It’s not even the first time this has happened. In college I told a classmate a story from my childhood about the time my mom dated a guy known among their mutual friends as Crazy Eddie. I remember two things about the summer I was seven. First, Crazy Eddie had the most amazing shower curtain, clear plastic printed with a collage of black and white photos of naked ladies. Whenever I had to pee, I couldn’t tear my eyes away from it. Second, Eddie had a kid named Will. Naturally, our parents expected us to play and get along. Will flatly told me that he could NOT be seen at the playground with a little white girl. There was nothing to be done about my being white, but at least he could turn me into a boy. So every time we went out, he dressed me in one of his t-shirts, shoved my hair under a baseball cap, and introduced me as “Ray.” Between the naked lady shower curtain (to this day seared on my eyelids) and the male alter ego, it was a very confusing summer.

One day we show up to my college fiction-writing workshop and–you guessed it!–it’s all there in my classmate’s story. Crazy Eddie. The shower curtain. The little white girl on the black boys’ playground. I was incensed, but everyone agreed that by telling the story, I had set it loose in the world like pollen, and could not control where it would drift or on whose land it would germinate. I relate it here without compunction, because I lost that story a long time ago. But the one with the shoebox? That loss still feels fresh.

The idea for The Great Whatsit as a collaborative blog hatched at a New Year’s party ten years ago. For nearly a decade, a rotating schedule of authors posted new content every weekday. Boy, did we have fun while it lasted. But over time, the friendships spread out, our enthusiasms and conversations migrated over to social media, and the site seemed to die a natural death.

Me? I never did figure out how to live as an online entity. How much sharing is too much? What degree of privacy should I freely surrender? Am I willing to let my memories boil down to what can be accessed with a Google search? I have no Facebook, no Twitter, no Pinterest, no Instagram. As such, I have no direct way to reach out to Stacy McKee (the Grey’s Anatomy writer), Sara Ramirez (the cast member and activist who so clearly championed a storyline featuring LGBT youth), or Shonda Rhimes (the show’s creator). But if some of you are inclined to do so, please send them this link and tell them thanks…I guess. For putting the story to good use. For creating a prime-time depiction of a teenage lesbian in love–a depiction that I’d have desperately clung to when I was her. For letting that girl, against all odds, survive.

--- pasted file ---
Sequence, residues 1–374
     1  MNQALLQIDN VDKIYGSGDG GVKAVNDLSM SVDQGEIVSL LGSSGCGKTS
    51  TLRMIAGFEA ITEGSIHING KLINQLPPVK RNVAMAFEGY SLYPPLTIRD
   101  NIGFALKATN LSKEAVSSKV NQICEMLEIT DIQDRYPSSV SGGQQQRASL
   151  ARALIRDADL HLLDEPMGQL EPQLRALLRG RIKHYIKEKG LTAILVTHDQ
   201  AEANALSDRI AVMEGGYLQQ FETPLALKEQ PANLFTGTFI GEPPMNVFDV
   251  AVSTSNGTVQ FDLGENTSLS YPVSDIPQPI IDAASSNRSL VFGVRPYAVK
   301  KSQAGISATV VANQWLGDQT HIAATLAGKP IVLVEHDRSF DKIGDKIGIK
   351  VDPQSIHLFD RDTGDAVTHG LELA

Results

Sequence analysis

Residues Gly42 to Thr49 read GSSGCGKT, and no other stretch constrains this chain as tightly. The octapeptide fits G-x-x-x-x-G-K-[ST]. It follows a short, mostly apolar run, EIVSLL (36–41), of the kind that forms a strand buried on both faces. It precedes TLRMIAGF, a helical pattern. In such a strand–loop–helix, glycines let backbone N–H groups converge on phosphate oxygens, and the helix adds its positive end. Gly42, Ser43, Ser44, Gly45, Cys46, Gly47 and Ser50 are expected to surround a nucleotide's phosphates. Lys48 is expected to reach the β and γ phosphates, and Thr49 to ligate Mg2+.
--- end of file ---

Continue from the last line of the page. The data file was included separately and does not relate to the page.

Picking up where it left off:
Half way to 90

Half way to ninety: Happy birthday Bryan! from seroquel on 8tracks Radio.

I got this mix from Farrell for my birthday (which went down last week, if you weren’t paying attention or weren’t aware; Steph’s went down on the 30th). It’s too good not to share.

Also, noted: I’m pretty sure that in this photo we were more or less half way to 45. I suppose that means I’ve been getting mixes from this guy (and from some of you too) for more than half my life. #blessed

Hipster Martha Stewart: Uncanny plant/animal hybrid for your bathroom wall

“Well, the blog is finally gone,” says Parrish.

“Gone; done,” says I. We sip our Scotch in memory of blog posts of yore.

And yet. Wrestling with words and abstract concepts all day, a body’s got to have hobbies. One of my current ones appears to be PLANTS! And today’s plant cried out, not literally, for TGW treatment. So hereinafter: how to plant a staghorn fern on your bathroom wall.

The important thing about staghorn ferns is that they’re epiphytes, meaning they don’t need to root in soil. I bought one last weekend at the hipster plant store on Solano, after not seeing them many other places for sale. It came rooted in soil in a little pot. But I wanted it mounted on the wall.

That is the even more important thing about staghorn ferns–they look like animals, kind of. Like a stag’s horns, I guess, but more ancient and vegetal. So of course hipsters* mount them on walls.

First thing, I needed a good piece of wood. Found one at my favorite artisanal wood store for only $2, the humblest piece of wood in the place. I think it’s pine, salvaged from a barrel or something, and it was $2 because it was a scrap left over from something else. About 12 inches square, I’d say, and an inch and a half thick. I sanded it roughly to clean up some kind of paint or mineral residue. Ended up looking interesting.

If you’re going to mount something on the wall, install the wall-hooking part first. Here, two hex screws with hanging wire between, on the back:

Hanging stuff

A close up:


I put some floor-protector stickies on the hex ends to keep them from messing up the wall when I hang it up.

Then you need to prepare the front of the board. I used some brass twisting nails (they have a kind of slow screw carved into them to keep them from coming back out, I guess) in a hexagram arrangement: